Man Who Beat His Wife To Death In Enfield Convicted

  • To be sentenced on Friday

The Old Bailey has convicted a man who beat his wife to death in Edmonton.

Hussein Yusuf Egal, 66, of South mall, N9, killed his wife, Maryan Ismail, 57, in April 2020.

Egal was convicted on Wednesday, February 24, for murdering his wife at their residential home.

He will be sentenced on Friday, 26, February at the same court.

Hussein Yusuf Egal and Maryan Ismail
Hussein Yusuf Egal and Maryan Ismail. Photo: MET

Egal confessed to a member of the public that he had killed his wife on Monday, April 6 2020.

The man told the police that Egal had approached him in the foyer of the flats in South Mall and confessed how he murdered his wife.

Police and paramedic visited the scene and found the body of his wife covered with a “purple duvet” and appeared to have been dead for some time.

Officers said the convict had confessed to them that “I killed her yesterday morning,” referring to Sunday, April 5 2020.

Maryan had suffered extensive head injuries as well as multiple other injuries all over her body; paramedics from the London Ambulance Service pronounced her dead at the scene.

A post-mortem conducted on April 8 2020, also further buttressed the cause of death to be multiple injuries.

Interviewed by the police, Egal said he had had an argument with his wife after he developed COVID-19 symptoms.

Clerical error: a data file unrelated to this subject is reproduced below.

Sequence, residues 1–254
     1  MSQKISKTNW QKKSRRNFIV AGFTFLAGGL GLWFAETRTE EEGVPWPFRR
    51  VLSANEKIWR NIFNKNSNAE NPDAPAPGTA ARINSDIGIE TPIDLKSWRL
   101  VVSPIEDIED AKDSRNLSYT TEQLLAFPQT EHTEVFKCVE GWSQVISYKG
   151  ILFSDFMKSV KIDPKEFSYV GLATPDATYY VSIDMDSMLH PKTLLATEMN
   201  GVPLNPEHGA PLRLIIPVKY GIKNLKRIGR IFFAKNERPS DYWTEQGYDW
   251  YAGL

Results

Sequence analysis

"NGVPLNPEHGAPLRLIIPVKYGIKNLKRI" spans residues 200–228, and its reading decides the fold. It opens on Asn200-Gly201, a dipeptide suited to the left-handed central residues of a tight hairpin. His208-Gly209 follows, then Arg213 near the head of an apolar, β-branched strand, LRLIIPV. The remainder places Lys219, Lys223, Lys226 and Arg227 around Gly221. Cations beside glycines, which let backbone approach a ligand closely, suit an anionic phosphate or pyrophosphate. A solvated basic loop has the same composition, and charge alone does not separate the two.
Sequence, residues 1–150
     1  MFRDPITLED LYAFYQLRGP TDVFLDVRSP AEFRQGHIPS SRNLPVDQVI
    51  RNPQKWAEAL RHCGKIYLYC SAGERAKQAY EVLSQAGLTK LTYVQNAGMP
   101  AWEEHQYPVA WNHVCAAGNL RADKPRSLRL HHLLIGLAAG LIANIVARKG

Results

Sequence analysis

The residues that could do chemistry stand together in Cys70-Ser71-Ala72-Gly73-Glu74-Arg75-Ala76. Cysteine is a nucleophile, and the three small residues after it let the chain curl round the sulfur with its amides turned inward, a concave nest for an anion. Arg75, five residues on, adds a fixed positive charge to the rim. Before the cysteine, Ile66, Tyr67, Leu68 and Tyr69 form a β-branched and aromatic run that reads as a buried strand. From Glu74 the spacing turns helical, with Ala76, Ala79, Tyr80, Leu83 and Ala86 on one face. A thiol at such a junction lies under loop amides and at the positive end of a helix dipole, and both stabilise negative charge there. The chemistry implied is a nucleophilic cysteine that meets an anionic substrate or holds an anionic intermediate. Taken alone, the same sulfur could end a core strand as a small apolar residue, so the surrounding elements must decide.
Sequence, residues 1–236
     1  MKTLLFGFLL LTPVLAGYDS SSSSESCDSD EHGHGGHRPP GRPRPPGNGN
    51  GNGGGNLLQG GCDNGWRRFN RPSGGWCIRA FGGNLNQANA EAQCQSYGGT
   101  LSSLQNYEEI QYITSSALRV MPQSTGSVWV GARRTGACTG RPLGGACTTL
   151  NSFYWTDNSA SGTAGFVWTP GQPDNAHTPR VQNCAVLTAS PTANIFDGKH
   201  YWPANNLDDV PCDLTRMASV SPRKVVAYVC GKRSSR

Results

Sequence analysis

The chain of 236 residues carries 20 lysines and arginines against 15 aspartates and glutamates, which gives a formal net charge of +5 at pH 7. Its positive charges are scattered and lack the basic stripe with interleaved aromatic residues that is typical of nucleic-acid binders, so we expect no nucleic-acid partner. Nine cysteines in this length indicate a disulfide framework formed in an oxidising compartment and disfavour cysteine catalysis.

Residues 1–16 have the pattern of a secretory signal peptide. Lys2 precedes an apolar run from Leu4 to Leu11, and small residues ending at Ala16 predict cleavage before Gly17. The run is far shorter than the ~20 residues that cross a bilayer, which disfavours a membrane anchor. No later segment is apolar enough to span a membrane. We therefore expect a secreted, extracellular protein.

The heated argument led to Maryam asking him to “move out”.

He claimed his wife attacked him first and that he had to “defend himself”.

The police charged Egal with murder and kept him in custody.

The Met’s Specialist Crime, Detective Sergeant Lucy Carberry, said officers faced a “truly terrible scene” after discovering Maryan’s body.

She added, “Maryan had suffered extensive injuries, and the turmoil and disorder in the flat showed there had been a considerable disturbance. Egal claimed he was defending himself, but there was no indication of him suffering any injuries.

“This was a wanton act of violence, carried out with sheer ferocity. It is important, particularly in the current climate with isolation and periods of ‘lock down’, that all of us do everything we can to stop domestic violence.
“If you are suffering from domestic violence, I implore you to seek help; if you feel in danger, always call the police.

“If you suspect someone is suffering from domestic violence, make the phone call and tell the police. That call could save a life and save you from a lifetime of regret.”

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